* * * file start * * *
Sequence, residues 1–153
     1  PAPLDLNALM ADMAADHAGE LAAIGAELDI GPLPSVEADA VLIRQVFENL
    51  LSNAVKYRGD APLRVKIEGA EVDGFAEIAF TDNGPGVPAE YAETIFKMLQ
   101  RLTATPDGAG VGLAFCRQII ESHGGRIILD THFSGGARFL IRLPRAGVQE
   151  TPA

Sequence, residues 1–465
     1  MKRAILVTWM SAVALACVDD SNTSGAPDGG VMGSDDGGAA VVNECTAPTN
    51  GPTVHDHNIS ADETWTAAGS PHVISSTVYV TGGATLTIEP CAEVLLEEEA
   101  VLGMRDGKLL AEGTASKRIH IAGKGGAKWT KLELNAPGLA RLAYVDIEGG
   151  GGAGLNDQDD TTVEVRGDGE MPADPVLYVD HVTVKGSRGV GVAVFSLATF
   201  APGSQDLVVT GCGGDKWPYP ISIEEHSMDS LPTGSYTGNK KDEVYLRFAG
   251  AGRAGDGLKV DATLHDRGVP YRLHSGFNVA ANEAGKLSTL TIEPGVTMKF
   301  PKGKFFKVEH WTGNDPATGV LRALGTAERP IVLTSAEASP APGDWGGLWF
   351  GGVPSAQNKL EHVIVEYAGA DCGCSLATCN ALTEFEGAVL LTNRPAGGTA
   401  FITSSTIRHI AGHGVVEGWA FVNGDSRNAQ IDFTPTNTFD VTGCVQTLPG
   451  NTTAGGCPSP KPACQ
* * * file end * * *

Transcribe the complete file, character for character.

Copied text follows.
Sequence, residues 1–153
     1  PAPLDLNALM ADMAADHAGE LAAIGAELDI GPLPSVEADA VLIRQVFENL
    51  LSNAVKYRGD APLRVKIEGA EVDGFAEIAF TDNGPGVPAE YAETIFKMLQ
   101  RLTATPDGAG VGLAFCRQII ESHGGRIILD THFSGGARFL IRLPRAGVQE
   151  TPA

Sequence, residues 1–465
     1  MKRAILVTWM SAVALACVDD SNTSGAPDGG VMGSDDGGAA VVNECTAPTN
    51  GPTVHDHNIS ADETWTAAGS PHVISSTVYV TGGATLTIEP CAEVLLEEEA
   101  VLGMRDGKLL AEGTASKRIH IAGKGGAKWT KLELNAPGLA RLAYVDIEGG
   151  GGAGLNDQDD TTVEVRGDGE MPADPVLYVD HVTVKGSRGV GVAVFSLATF
   201  APGSQDLVVT GCGGDKWPYP ISIEEHSMDS LPTGSYTGNK KDEVYLRFAG
   251  AGRAGDGLKV DATLHDRGVP YRLHSGFNVA ANEAGKLSTL TIEPGVTMKF
   301  PKGKFFKVEH WTGNDPATGV LRALGTAERP IVLTSAEASP APGDWGGLWF
   351  GGVPSAQNKL EHVIVEYAGA DCGCSLATCN ALTEFEGAVL LTNRPAGGTA
   401  FITSSTIRHI AGHGVVEGWA FVNGDSRNAQ IDFTPTNTFD VTGCVQTLPG
   451  NTTAGGCPSP KPACQ